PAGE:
Pakistan's Zardari in hospital 'for heart condition'
Pakistani President Asif Ali Zardari is being treated in Dubai for a heart condition, his spokesman has said, dismissing reports that he may resign.
A presidential spokesman said that Mr Zardari was undergoing "medical tests and check-ups as planned".
But his departure has fuelled speculation in the Pakistani media that he may be on the verge of resigning.
A controversial political figure, he came to power after his Pakistan People's Party won elections in 2008.
The party had been led by his wife, former prime minister Benazir Bhutto, until she was assassinated in 2007.
Pakistan's civilian government has been under pressure in recent weeks after a scandal over a leaked memo in which officials allegedly sought US help against a possible military coup earlier this year. It resulted in the resignation of Pakistan's envoy to the US.
'Speculative and imaginary'
Pakistani media have speculated that the president's ill health could be a pretext for his being about to quit in the wake of the memo scandal.
But Mr Zardari's spokesman said there was no truth in the reports.
"President Asif Ali Zardari is in a Dubai hospital for medical tests and check-up as planned," presidential aide Farhatullah Babar said.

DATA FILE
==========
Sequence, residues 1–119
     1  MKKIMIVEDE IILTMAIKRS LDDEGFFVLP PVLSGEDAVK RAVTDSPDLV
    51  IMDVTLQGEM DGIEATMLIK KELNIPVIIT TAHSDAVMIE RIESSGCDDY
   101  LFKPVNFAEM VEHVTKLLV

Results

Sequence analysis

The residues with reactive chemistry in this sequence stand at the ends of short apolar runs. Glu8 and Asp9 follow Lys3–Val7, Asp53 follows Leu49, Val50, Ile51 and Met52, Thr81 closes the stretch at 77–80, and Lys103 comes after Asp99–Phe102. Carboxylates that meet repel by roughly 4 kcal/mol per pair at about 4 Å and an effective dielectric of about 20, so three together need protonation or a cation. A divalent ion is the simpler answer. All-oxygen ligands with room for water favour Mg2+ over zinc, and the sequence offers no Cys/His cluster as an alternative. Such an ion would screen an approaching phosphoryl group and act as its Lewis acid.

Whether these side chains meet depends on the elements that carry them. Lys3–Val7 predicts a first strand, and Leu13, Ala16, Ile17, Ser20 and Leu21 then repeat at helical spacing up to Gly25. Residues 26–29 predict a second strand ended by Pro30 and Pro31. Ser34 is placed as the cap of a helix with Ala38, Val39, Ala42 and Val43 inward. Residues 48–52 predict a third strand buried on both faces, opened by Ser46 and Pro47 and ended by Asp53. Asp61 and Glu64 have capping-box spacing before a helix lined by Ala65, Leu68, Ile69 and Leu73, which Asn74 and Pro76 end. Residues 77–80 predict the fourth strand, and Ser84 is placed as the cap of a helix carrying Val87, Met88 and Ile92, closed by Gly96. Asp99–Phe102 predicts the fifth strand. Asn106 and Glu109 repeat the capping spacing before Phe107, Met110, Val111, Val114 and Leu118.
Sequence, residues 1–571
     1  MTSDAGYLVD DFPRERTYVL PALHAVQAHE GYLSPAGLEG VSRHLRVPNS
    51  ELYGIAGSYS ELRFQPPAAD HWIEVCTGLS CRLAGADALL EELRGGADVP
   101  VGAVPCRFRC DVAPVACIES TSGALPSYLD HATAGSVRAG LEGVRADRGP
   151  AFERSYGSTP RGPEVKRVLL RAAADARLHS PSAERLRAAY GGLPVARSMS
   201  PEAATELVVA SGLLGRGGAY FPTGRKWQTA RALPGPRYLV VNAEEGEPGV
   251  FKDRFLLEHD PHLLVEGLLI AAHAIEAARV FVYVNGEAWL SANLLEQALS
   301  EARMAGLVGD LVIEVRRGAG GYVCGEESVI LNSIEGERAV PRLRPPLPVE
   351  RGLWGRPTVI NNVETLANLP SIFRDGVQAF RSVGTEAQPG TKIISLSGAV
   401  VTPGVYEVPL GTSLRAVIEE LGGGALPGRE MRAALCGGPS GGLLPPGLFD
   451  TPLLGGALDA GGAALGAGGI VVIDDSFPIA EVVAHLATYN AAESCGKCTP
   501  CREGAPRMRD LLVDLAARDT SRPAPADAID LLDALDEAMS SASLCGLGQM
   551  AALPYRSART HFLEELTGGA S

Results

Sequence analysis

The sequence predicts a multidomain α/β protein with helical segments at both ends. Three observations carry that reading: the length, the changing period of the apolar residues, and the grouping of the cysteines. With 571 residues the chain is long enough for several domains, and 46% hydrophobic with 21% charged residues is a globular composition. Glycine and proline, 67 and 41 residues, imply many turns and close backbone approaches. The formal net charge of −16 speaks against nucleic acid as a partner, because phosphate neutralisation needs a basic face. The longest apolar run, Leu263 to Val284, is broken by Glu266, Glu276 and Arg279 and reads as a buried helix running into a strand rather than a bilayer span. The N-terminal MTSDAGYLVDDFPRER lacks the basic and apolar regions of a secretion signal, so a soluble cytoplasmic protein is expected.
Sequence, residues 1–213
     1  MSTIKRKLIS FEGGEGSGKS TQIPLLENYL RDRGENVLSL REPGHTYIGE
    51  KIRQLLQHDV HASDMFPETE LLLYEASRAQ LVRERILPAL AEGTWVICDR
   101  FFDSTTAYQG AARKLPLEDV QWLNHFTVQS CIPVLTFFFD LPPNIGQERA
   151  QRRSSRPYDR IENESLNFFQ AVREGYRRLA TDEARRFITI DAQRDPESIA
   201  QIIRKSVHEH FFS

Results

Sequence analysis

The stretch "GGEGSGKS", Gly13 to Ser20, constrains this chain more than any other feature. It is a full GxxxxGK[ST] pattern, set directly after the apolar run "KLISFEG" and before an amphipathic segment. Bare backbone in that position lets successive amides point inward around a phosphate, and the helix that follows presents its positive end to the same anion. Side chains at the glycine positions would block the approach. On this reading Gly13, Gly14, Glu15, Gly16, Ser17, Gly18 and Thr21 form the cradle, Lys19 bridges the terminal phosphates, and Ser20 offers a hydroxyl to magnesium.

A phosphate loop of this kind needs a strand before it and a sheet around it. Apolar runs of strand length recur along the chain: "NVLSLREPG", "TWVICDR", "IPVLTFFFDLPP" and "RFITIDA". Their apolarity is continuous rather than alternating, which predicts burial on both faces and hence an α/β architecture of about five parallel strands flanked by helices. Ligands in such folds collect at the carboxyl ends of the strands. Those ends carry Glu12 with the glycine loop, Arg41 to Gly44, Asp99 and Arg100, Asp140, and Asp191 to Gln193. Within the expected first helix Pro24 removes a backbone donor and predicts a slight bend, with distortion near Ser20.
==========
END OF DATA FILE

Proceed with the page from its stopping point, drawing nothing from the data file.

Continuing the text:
"Reports in some sections of the media speculating on the president's activities and engagements are speculative, imaginary and untrue."
He said that the president would return to Pakistan soon.
Doctors treating Mr Zardari in Dubai describe his condition as stable and "investigations carried out so far are within normal range", Mr Babar said later on Wednesday.
However, unnamed close associates of the president are by quoted by the Associated Press news agency as saying that he is currently "unwell".
And a Pakistani source in Dubai who is described as being familiar with the president's condition told Reuters: "Two days ago he had a chest pain."
Correspondents say Mr Zardari is understood to have undergone angioplasty in Dubai in 2005. The prime minister's office has referred to a "pre-existing heart condition".
The president's spokesman said on Tuesday that part of the purpose of the trip to Dubai was to visit his children, but that he would undergo some medical tests there. He was accompanied by his physician and some personal staff, the aide said.
President Zardari has been at the helm during a torrid year for Pakistan, which has seen relations with the US deteriorate sharply after the raid which killed al-Qaeda leader Osama Bin Laden.
Since then, several senior US officials have accused Pakistan of backing militant groups that carry out attacks against Western and Afghan troops across the border in Afghanistan.
Pakistan has vehemently denied such allegations.